The European Union (EU) on Thursday expressed concern over increasing executions in Pakistan and demanded the government to reinstate the death penalty moratorium to fully respect all of its international obligations.
A statement released by an EU spokesperson said at least 150 people have been executed across the country since December 2014, when Prime Minister Nawaz Sharif lifted the moratorium on capital punishment.
“This represents a major step backwards in Pakistan’s record on human rights, as per the European Union which has been opposed to capital punishment in all cases and has consistently called for its universal abolition,” the statement said.
Under domestic and international law in Pakistan, the death sentence for crimes committed by persons under the age of eighteen is prohibited.
The law also makes it obligatory to prompt impartial investigation into such cases where there is reasonable ground to believe that torture has been committed.
The statement comes a day after Aftab Bahadur Masih was executed in Lahore’s Kot Lakhpat Jail despite requests from rights groups and church leaders to halt the execution.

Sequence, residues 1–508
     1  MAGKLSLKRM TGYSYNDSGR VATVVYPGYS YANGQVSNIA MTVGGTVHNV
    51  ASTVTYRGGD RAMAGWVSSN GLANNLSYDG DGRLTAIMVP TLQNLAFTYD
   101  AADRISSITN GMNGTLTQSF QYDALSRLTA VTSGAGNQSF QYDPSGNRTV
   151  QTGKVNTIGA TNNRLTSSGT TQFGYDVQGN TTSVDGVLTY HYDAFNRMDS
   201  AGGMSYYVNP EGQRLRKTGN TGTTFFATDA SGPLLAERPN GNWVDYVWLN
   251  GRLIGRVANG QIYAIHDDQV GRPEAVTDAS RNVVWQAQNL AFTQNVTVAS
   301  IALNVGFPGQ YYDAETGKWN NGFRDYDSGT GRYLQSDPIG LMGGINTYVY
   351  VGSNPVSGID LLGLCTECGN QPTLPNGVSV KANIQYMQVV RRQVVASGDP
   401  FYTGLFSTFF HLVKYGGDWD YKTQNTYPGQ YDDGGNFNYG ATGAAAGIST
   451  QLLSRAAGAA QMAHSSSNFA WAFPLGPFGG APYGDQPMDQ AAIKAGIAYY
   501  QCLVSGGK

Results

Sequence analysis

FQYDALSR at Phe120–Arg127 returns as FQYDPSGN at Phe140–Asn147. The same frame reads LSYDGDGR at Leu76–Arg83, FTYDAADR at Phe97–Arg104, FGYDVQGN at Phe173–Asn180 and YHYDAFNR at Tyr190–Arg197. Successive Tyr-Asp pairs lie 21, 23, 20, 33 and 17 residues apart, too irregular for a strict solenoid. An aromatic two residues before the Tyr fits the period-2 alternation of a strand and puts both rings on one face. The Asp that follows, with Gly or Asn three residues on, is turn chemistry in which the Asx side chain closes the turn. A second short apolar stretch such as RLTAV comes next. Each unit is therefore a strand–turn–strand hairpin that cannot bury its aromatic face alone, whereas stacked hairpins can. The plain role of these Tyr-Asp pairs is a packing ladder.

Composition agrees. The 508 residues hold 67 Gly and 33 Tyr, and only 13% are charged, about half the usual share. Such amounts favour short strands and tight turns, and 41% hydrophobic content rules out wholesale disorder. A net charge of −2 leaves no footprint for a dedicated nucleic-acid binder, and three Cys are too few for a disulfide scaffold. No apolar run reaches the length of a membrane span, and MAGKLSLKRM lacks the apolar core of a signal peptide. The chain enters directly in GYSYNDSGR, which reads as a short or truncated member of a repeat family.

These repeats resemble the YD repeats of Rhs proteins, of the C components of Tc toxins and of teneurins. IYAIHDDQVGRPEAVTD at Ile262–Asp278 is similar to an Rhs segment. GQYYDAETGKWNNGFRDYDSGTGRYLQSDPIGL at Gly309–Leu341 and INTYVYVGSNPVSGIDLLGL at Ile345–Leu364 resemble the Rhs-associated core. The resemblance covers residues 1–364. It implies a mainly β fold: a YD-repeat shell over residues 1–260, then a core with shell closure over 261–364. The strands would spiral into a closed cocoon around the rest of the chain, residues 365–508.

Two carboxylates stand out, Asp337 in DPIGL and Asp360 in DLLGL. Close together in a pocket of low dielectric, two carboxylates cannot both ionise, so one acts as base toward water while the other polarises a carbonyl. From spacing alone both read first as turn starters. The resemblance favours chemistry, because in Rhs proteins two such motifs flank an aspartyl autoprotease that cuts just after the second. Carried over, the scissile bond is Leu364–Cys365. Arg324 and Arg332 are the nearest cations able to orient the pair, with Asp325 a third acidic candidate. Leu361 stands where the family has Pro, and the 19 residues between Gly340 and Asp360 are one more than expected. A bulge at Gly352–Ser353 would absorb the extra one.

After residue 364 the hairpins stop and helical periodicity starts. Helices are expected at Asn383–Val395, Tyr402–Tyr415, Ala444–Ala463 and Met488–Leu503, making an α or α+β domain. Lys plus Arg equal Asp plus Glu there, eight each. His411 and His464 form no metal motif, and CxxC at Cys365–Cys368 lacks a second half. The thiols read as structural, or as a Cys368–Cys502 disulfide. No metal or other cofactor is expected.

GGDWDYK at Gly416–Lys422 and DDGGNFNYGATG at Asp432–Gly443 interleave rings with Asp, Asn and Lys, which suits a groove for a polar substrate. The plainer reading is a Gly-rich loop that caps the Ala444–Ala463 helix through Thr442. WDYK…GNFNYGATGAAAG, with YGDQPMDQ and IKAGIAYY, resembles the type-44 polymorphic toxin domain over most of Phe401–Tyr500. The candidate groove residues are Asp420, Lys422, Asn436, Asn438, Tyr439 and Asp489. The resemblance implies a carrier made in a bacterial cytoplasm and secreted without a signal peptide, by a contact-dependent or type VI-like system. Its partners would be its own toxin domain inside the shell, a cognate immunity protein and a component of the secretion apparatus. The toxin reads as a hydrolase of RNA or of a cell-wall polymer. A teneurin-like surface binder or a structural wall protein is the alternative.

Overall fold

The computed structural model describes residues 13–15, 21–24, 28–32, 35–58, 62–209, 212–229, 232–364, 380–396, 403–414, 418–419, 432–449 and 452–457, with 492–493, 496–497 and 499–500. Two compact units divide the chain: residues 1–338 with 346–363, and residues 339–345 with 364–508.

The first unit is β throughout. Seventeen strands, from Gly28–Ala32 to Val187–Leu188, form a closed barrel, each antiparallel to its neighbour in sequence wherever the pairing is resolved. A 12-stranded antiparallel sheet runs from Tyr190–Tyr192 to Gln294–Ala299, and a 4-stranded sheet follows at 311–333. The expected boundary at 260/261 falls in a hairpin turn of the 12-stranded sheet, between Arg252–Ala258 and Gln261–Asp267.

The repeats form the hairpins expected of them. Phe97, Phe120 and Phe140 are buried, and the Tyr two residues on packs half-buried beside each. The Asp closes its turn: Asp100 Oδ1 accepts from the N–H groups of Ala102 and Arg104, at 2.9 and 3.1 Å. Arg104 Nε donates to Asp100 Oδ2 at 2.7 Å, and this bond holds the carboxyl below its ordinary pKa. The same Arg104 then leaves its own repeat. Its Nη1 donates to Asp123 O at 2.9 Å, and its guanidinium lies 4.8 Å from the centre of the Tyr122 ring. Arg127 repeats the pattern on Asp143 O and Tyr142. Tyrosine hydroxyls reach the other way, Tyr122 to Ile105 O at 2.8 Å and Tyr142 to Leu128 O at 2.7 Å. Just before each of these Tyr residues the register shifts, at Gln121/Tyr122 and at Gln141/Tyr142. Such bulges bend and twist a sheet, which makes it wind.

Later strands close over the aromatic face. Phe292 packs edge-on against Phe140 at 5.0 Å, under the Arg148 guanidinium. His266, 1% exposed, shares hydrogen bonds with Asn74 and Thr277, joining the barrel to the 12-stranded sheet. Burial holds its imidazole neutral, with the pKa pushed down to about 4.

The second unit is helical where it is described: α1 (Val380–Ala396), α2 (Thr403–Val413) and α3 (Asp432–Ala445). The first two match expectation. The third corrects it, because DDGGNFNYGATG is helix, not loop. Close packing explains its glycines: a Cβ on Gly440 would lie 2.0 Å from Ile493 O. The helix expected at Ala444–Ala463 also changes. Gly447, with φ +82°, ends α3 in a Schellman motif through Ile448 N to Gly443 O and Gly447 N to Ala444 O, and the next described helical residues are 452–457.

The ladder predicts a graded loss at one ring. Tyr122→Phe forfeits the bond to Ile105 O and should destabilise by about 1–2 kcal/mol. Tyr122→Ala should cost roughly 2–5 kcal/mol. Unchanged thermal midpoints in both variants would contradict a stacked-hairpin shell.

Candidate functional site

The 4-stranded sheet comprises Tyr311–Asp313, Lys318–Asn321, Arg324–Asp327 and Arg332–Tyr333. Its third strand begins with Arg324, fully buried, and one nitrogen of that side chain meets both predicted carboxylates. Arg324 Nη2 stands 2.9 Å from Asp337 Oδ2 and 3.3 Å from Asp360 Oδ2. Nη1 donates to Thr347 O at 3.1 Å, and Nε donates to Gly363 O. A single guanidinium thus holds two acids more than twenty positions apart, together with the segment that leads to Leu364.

His petition, alleging his juvenile status at the time of the crime and torture while in custody to extract a confession, was not given due consideration.
Meanwhile, the Supreme Court dismissed the latest petition of Shafqat Hussain whose case has come under scrutiny as he may have been a juvenile at the time the crime was committed. Alleged torture is also prominent in his case.
Effective implementation of the international conventions is a requirement under the European Union’s GSP+ Regulation, the statement concluded.